The sisters set out to create “a fun and easy shopping experience for busy moms.” NICKY + STELLA is a curated site. Cretikos and Alvear search the Internet for cute, good quality, unique items to sell to their customers. They also make clothes to sell for the NICKY + STELLA brand. The website makes it simple for shoppers to order a variety of brands at one online site, with one flat rate shipping fee. A popular option on the website is “Shop the Look,” in which a cute themed outfit such as “Pumpkin Princess” or “Little Bo Chic” is pictured. Customers can order the whole ensemble, from hat to shirt to pants to shoes, by clicking on the picture and choosing the sizes for their children. Though NICKY + STELLA is new, it’s already popular on social media, with over 8,000 Instagram followers. www.NickyandStella.com
So far, Cretikos and Alvear do everything themselves, from curating clothes and marketing their company to shipping their products. Cretikos says, “I’ve never been so tired and I’ve never had so much fun.” She advises aspiring entrepreneurs, “Don’t let fear hold you back. The scariest things can be the most rewarding. Close your eyes and jump. As long as you have a good support system and your business idea is feasible, go for it.” Alvear echoes her sister’s advice, adding: “If you believe in something and are excited by it, do it.”
“Do something you love. You should be excited about your job.”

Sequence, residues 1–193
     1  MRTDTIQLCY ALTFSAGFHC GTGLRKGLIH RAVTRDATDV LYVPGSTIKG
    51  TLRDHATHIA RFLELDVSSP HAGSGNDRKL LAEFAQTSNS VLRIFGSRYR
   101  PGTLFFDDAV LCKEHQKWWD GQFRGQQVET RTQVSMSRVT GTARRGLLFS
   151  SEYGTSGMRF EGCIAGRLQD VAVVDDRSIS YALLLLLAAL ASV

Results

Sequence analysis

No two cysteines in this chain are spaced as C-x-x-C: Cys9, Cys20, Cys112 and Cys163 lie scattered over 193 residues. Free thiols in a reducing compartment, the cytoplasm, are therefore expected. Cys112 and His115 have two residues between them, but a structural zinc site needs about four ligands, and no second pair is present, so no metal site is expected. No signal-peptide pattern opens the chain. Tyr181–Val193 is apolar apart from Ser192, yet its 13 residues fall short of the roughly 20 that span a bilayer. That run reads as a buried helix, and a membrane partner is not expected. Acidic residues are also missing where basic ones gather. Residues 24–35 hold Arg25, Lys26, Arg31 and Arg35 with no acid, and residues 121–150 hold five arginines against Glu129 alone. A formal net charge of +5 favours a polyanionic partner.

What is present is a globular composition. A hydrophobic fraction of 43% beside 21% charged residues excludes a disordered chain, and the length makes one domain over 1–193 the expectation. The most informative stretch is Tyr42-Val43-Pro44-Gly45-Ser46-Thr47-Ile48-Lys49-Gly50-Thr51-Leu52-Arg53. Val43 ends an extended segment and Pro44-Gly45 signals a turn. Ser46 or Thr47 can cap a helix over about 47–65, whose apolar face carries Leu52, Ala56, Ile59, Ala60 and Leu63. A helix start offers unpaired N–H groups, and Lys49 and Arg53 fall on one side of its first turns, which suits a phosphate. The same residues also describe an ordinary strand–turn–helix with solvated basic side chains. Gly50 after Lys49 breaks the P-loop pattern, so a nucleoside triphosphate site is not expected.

Mona Shah-Anderson fell into entrepreneurship. She had been happily working for other people, as the Media Relations Director for an Orange County public relations company. But after her father was diagnosed with pancreatic cancer in 2004, Shah-Anderson quit her job in order to spend more time with him. She took on a few public relations clients as a freelancer, which gave her the income and flexibility she needed. Soon it made sense to establish a company for her growing freelance business. At her father’s bedside, Shah-Anderson set up her own public relations firm.
Shah-Anderson’s father was an inspiration. An orthopedic surgeon with an MBA, he had always enjoyed taking on new challenges. Shah-Anderson has lived all over the country, spending her first decade in New York, moving to Southern California at age 10, going to school at the University of Michigan, and then returning to California. She served as Public Relations Director for the Miss Universe Organization, coordinated projects in Africa with the Harvard Aids Institute, and worked on the Academy Awards and Golden Globes.
Her company, Moxxe Public Relations, mainly promotes independent, chef-driven restaurants. Currently, Moxxe has two employees and two dozen clients. That suits Shah-Anderson well. Her goal is not to grow Moxxe into a big firm, but rather to run the best small firm of its type. She loves her clients, whom she considers friends and extensions of her family. Many of them came to her wedding and baby shower. She describes her clients as “good people running great restaurants,” and is happy to help them get the attention they deserve. www.MoxxePR.com
Shah-Anderson, who has 16-month-old twins, quips, “Every day is its own adventure.” She is grateful for her husband, who has a nine-to-five job, but spends a lot of time with the twins when he’s home. He gets them ready most mornings and puts them to bed most nights.
Shah-Anderson is very humble, saying, “I’ve made so many mistakes.” But she views mistakes as valuable learning experiences and believes that the rewards of owning a business are greater than the risks. Her advice for aspiring business owners is to smart small and make sure you have a great idea for your company. “Do something you love. You should be excited about your job.”
Written by Debra Garfinkle
Photography by Ana Brandt